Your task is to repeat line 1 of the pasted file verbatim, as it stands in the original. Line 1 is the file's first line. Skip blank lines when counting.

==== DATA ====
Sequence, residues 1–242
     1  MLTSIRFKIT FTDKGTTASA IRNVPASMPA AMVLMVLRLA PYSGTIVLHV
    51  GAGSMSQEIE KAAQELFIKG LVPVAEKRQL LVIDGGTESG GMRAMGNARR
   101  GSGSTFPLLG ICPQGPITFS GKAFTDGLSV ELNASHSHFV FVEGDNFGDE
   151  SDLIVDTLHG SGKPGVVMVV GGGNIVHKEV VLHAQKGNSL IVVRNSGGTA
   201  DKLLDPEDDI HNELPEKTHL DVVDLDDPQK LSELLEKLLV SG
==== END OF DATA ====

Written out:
Sequence, residues 1–242